On Hay fever


Suffer from hay-fever? Looking to reduce the chemicals in your life? Phil Garnock-Jones a retired professional botanist, based in Wellington recently posted on how he avoids using anti-histamines, on his mostly botanical blog “Theobrominated”.  As he repeatedly says ‘this is not medical advice’ but if you’re a hay fever sufferer and you can’t go to Antarctica for the main pollen season, this just might provide another level of relief.

The blog is hosted on Blogspot so I can’t just re-blog his post, you’ll find it here  ‘Theobrominated’

Fortunately I don’t have problems with hay-fever but Phil, what about migraines?


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Historic Fairview Homestead For Sale

Looking for outdoor living space? Got a bunch of kids with no where to play? Into horses?  Fairview might just be the answer.

I’ve been helping get the trees under control on friends’ 3 acre section as their interests have outgrown this historic Waddington estate with its extensive grounds. With their interests elsewhere, they’ve made the hard decision to sell Fairview and I’m just easing the woody stuff and creeper filled wilderness into a more presentable shape. Continue reading

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Flax cultivars for weaving

This coming Friday 18th August, the Canterbury Botanical Society will be having a guided tour of the Rene Orchiston, living harakeke collection at Landcare Research, Lincoln. Meet outside the main reception, 54 Gerald St, by 1.25pm.  Parking is limited, so it is recommended to find a roadside parking space, and walk to Landcare Research.

The collection comprises over 60 varieties of flax selected by Maori weavers and brought into cultivation for their diverse properties.  To understand what  I mean by that, download the catalogue (PDF) and read some of the descriptions.

Rene Orchiston collection – catalogue

The catalogue also has a brief introduction to the many uses and history of NZ flax, that is well worth reading.

The varieties include both swamp flax/harakeke (Phormium tenax) and mountain flax/wharariki (Phormium cookianum).

Harakeke is the 3m tall stiff bladed flax that fills the marshy ground beside lakes, rivers and lagoons as in this variety copied from the catalogue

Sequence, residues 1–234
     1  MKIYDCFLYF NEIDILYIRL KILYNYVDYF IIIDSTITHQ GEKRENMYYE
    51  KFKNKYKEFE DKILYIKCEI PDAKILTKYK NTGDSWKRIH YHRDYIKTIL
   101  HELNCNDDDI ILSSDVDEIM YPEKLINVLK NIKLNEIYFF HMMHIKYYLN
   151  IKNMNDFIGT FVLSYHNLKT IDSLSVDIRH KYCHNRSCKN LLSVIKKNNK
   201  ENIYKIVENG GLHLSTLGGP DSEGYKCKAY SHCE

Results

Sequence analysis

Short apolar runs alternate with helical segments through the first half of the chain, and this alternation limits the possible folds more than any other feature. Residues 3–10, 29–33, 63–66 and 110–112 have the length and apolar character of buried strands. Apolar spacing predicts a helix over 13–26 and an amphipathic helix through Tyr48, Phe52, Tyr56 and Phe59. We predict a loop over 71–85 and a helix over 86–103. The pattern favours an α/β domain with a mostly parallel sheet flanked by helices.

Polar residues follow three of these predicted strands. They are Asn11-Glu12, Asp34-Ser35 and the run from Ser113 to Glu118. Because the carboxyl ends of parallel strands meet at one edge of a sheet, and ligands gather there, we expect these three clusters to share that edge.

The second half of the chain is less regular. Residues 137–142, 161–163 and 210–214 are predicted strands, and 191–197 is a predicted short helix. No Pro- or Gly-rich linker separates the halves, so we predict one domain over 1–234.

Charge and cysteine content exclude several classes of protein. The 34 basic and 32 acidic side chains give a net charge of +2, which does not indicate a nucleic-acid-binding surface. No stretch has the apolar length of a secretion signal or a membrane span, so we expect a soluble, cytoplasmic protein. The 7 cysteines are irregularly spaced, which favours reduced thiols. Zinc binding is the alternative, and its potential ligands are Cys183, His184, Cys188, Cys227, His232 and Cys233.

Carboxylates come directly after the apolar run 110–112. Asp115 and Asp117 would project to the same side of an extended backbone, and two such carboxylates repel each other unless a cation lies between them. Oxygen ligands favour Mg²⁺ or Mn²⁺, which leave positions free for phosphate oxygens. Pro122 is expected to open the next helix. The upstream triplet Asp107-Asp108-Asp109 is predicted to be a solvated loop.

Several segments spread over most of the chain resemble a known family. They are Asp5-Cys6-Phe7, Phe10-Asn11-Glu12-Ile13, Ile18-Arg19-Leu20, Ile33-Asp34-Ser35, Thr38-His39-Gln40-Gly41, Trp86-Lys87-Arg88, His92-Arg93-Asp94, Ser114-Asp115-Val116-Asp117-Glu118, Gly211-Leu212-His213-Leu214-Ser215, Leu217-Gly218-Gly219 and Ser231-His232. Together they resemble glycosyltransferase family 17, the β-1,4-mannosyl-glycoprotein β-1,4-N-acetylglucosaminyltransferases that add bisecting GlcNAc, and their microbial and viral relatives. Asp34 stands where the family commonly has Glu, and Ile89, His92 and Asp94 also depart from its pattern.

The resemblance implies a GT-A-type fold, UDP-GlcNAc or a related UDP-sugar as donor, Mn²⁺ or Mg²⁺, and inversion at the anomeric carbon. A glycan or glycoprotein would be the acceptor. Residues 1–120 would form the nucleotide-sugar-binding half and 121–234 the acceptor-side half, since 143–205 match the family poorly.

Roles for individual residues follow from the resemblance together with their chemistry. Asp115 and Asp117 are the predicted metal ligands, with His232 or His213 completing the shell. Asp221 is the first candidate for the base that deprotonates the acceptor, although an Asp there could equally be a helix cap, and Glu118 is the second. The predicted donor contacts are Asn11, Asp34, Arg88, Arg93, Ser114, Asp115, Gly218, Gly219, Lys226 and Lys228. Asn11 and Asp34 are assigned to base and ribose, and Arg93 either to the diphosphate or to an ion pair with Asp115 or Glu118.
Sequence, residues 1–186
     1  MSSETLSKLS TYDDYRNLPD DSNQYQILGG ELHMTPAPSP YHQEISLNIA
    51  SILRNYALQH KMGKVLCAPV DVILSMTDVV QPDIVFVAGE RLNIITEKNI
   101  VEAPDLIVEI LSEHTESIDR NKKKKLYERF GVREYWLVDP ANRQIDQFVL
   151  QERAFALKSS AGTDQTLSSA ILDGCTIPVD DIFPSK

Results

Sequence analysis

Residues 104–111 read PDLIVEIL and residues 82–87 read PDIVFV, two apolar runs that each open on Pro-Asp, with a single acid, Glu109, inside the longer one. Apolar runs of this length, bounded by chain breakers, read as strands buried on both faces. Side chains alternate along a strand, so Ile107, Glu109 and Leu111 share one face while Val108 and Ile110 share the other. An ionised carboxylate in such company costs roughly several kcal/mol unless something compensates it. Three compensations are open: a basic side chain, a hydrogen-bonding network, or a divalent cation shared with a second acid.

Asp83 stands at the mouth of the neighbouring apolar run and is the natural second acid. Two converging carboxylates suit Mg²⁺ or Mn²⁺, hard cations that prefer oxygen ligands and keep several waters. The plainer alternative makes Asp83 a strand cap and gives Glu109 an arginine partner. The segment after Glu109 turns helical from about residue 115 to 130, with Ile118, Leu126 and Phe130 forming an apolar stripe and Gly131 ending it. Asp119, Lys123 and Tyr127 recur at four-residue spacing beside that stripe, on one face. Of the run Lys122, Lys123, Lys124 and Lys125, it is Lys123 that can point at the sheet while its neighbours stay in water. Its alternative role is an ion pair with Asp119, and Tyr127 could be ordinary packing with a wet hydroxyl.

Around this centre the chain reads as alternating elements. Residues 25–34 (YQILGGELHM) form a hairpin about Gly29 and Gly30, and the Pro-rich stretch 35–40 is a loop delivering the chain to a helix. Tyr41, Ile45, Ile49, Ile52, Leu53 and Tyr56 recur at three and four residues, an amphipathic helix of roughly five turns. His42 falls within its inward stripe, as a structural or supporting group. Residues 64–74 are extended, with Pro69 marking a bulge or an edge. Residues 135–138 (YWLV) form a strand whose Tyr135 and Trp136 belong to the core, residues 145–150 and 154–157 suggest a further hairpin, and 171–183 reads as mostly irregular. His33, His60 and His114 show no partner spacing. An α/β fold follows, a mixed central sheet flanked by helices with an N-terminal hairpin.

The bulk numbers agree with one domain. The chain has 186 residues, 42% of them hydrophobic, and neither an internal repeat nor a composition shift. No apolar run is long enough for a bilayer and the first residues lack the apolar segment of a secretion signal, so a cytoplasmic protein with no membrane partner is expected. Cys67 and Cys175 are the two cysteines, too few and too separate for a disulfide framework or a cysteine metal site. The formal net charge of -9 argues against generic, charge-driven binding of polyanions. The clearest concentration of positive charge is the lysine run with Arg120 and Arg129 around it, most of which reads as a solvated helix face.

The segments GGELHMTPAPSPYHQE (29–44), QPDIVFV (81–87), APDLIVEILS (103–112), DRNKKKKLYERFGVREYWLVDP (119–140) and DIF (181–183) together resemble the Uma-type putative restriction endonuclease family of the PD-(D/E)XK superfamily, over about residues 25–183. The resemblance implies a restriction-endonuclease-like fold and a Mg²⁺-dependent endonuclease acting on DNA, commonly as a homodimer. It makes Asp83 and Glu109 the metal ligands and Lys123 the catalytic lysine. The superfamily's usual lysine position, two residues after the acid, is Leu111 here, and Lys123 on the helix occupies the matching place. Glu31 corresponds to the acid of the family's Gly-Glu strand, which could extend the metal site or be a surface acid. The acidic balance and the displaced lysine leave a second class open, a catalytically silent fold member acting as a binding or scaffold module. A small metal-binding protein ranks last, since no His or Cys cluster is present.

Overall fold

ARAWA (42)
Source: Rotoiti area.
Description:  Straight, fairly long, medium green blades. Up to 2.5 m tall. Reddish-orange margin and keel. Very high flower heads but seldom flowers.

Uses:  Excellent muka harakeke. The best Mrs Orchiston found

detail from a family portrait. My great grandmother modelling a bone patu with flax wrist loop, bone hei tiki and a feather cloak (colours are hand tints by the printer late 19th C)

for producing long strands of clean fibre with hāro method (stripping with a shell).

Good for piupiu because it is so easy to prepare. Especially good for ladies piupiu because of the length although the prepared strips do not dry as strong as other cultivars. When boiled for one minute, it dries to a cream colour. Ideal for whenu and aho in kākahu and for muka kete.

Without harakeke and it’s muka the weaving methods of taaniko and feather cloaks might not have developed.


Wharariki is that tough and shiny chest high tussock that flexes to the wind in exposed sites from coastal cliffs up into the sub-alpine zone where it joins hebe, turpentine scrub and mountain daisies above the treeline.  Wharariki is pliable but it is difficult to extract the fibre so is more likely to be used in weaving such as kete/baskets, as in this example from the catalogue

Source: Tairawhiti (East Coast).
Description:  Short, bendy, bright yellow-green blades, giving the bush a yellowish
Uses:  Very valuable for kete as it dries to a clear yellow when boiled for half a minute. Gives good contrast for patterns when used with other cultivars. When unboiled, it dries to rich bronze-golden shades. Not a muka variety.


For a full story on the history of NZ flax this link goes to a New Zealand Geographic article, that starts in a replica collection, in a paddock near Takaka Flax-the enduring fibre, NZ Geographic

Heres a condensed video, from paddock to wardrobe, of the making of a mans (short) piupiu.


kete: a basket

kākahu: a cloak

muka: the fibre that remains after the flesh and skin of the leaf is stripped away.

aho: in weaving, the weft.

piupiu: skirt of dried and jointed harakeke leaves woven at the waist to form a belt.

whenu: in weaving, the warp

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Honesty Box

Facing the back of the Old Canterbury University


West of this Y


yet East of this Y


is what must be the smallest public Continue reading

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Cultural Shift

We must have been having terrible weather lately because I received a couple of emails (even one from Oz) asking how we’d fared with the storms that have hit Canterbury recently.

Well thanks for asking

We’re fine

We had a one day wonder

The consummate divaricate, wiggiwiggi, Muehlenbeckia astonii

Then we had a week of sun and frosts

followed by a bit of wet

looks like the 8″ culvert is blocked

after that a week of sun and frosts

During which there was a whole day knocking in steel ‘Y’ posts

followed by another bit of wet

and now we’re finally getting the sort of frosts that usually start in June.

That’s the air temp, not the frost temp. The frost was more like -10C

I’d really like to know how it is that frosts dry up puddles overnight!

It’s part of the human condition that we keep adjusting our idea of normal to match changing conditions, that’s Cultural Shift. The classic example from the 20th C. was the size of fish. When I was a kid a 5lb snapper would be let go as a tiddler. By 1990, 2lb was a good fish and 10lb would have a good chance of winning the annual surf-casting competition.